An Open Letter to Non-Adoptive Parents
You are in the majority.
The vast majority.
Though Christian families are more than twice as likely to adopt as the average American family, only 5% of them actually adopt. Studies reveal that 38% of them seriously consider it while 26% of non-believers give it any thought.
Growing up, I scarcely remember hearing of adoption or foster care. I never knew an adoptive family or a foster kid. It simply was not on my radar. This condition persisted into my 30’s and years into my Christian walk.
The Holy Spirit introduced us to the idea. Ami and I had attended a prayer event and one of the things we prayed about was the end of abortion. As we were detailing the event to some folks, a friend asked us a question,
“If you’re against abortion, are you willing to take in the unwanted children that the end of abortion would generate.”
Our foster care/adoption journey began in that instant and has dominated our lives to date, at some point just becoming who we were.
I’ve hesitated in addressing this issue because I do feel so strongly about it. My fear is always that my personal beliefs would trump what God says and so my consistent prayer is that my own thoughts and opinions would blow away as chaff in the wind.
All I can do is present the facts as I know them and allow the Spirit to work in your heart much as He did mine. Would you hear Him out?
The Bible assumes care for the orphan.
The Old Testament law stipulates much in the way of social justice, including care for the orphan.
There’s really not a Hebrew word for orphan. Yet the Torah establishes provision for the yathowm (יָתוֹם), the fatherless. The fatherless were among the most powerless in society, the most helpless, and in His mercy and compassion, God requires His people to care for them along with the widow and the sojourner. (Deuteronomy 14:29, 24:17, 24:20-21)
The law even describes God as one who, “executes justice for the fatherless and the widow,” a facet of His character that is communicated just as clearly in the New Testament.
James describes religion as this, “to visit orphans and widows in their affliction, and to keep oneself unstained from the world.” (James 1:27) Here is religion, true religion, religion that is “pure and undefiled before God”. Forget a religion that costs you nothing, that makes no demands of you. Faith without works is a dead faith, not really faith at all.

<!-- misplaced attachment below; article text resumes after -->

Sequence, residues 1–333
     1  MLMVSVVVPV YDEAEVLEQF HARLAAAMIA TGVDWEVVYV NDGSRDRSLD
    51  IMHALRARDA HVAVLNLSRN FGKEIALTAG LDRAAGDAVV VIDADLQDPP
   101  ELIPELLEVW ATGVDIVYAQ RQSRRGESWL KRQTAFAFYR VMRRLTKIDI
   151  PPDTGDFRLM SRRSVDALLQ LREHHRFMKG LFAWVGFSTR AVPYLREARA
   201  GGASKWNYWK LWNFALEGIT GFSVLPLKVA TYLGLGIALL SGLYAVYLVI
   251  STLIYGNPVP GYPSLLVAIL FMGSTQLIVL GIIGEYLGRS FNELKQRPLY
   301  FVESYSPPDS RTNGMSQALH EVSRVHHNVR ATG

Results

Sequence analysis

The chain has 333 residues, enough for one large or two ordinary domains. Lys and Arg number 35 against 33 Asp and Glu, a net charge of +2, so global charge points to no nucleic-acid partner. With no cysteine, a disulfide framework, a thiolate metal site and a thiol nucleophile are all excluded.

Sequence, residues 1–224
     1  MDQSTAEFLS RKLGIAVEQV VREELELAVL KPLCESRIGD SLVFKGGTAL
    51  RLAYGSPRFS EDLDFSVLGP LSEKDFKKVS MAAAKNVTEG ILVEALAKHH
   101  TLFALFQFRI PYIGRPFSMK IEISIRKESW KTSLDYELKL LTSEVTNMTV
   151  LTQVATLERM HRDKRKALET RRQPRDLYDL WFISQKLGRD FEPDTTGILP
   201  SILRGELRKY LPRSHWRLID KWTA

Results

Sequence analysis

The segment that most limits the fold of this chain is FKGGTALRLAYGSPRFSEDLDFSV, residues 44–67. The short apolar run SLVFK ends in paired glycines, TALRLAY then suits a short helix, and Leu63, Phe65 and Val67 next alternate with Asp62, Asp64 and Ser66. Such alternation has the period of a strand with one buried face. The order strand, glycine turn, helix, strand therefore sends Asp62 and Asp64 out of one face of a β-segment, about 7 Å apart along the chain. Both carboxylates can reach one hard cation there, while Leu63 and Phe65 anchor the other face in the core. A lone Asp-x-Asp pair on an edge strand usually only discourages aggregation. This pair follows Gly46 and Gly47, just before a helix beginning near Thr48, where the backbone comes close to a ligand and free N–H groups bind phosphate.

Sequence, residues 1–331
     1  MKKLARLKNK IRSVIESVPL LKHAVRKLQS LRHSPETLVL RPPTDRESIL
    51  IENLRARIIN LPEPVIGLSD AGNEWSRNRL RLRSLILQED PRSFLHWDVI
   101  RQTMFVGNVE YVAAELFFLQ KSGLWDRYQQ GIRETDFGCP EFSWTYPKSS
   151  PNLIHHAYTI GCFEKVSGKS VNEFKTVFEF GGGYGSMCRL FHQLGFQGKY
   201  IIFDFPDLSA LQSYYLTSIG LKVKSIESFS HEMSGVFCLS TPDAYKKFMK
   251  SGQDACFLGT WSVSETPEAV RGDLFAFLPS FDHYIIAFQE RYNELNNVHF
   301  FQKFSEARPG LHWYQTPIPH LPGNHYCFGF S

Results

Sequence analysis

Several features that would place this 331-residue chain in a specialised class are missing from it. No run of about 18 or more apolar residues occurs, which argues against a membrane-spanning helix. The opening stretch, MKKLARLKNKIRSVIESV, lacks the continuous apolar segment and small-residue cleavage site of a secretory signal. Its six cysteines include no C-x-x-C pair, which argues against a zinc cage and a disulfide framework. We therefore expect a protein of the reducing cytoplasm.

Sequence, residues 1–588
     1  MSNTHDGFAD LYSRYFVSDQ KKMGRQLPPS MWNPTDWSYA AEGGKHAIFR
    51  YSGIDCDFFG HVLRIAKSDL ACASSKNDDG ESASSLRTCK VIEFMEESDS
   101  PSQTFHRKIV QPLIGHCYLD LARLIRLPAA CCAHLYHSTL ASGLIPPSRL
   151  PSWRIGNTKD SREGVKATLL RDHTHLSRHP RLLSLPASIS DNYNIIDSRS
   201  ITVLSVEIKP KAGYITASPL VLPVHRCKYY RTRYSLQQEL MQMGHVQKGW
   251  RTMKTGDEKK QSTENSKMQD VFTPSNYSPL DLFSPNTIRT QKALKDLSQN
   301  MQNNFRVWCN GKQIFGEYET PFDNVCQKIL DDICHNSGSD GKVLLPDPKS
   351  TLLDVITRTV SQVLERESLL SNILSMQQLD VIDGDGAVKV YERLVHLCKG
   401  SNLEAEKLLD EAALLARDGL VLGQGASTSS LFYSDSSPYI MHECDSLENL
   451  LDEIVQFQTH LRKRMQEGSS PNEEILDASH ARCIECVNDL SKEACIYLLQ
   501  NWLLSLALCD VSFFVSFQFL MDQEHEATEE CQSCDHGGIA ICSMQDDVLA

“Visiting” an orphan, gazing upon them with the intent to benefit them or care for them (from the Greek), taking “the least of these” into your home, is akin to caring for Christ Himself. (Matthew 25:40)
It is a Gospel issue, not a social issue.
From Genesis forward, the Bible demands that parents disciple their children.
And the most effective evangelist of all is a loving and engaged father. It’s not even close. The Bible declares it, reality bears it out. Children tend to inherit the faith, or lack thereof, of their fathers.
What of those who have no father?
It was several years into our adoption journey before I realized that adoption is a great Gospel issue. Our oldest son who we adopted from inner-city Memphis at age 16, began to struggle. We did some research and learned that kids who graduate the foster system without being adopted will almost certainly fail in life in some way. Addiction, homelessness, incarceration, children out of wedlock: affliction runs rampant among never-adopted former foster kids. Almost none of them will attend college.
This is a great social issue and for that reason alone, we ought to seek them out. Yet, the social aspects pale in significance to the eternal ones. Children with no father, growing up absent the most effective evangelist, demand a troubling question.
With no father, who will teach them about Christ?
Verifying Scripture’s urgent call to parents to bring up their children in the way of the Lord, reality demonstrates that there are very few adult converts. Most who grow up and leave home without Christ will one day die apart from Christ.
And every year we “graduate” upward of 30,000 foster kids into adulthood who have not been adopted. Most will struggle in life and continually perpetuate the struggle to a new generation but even more troubling…most of them will not know Christ!
Yes the process is painful.
Lord is it painful.
The Lord called us to be a DCS foster family so we’ve shunned private organizations for only that reason. Like with any profession, there are great DCS workers intermixed with a few slackers. Many are extremely overworked, with most handling an enormous caseload.
The system is rife with red-tape and bureaucracy and often moves at a snail’s pace. The system frustratingly errs on the side of the biological family, as it must. Yet, this further exacerbates and complicates the process.
I’ve raged against the system, in frustration and anger. It took nearly four years of pain to adopt two of our sons.
…but I have sons! I’d gladly labor another four if that’s what it took.
How much red tape would you slay to own the home of your dreams or finance your retirement?
They’re kids, at the end of the day.
My family is weird; we like teenagers.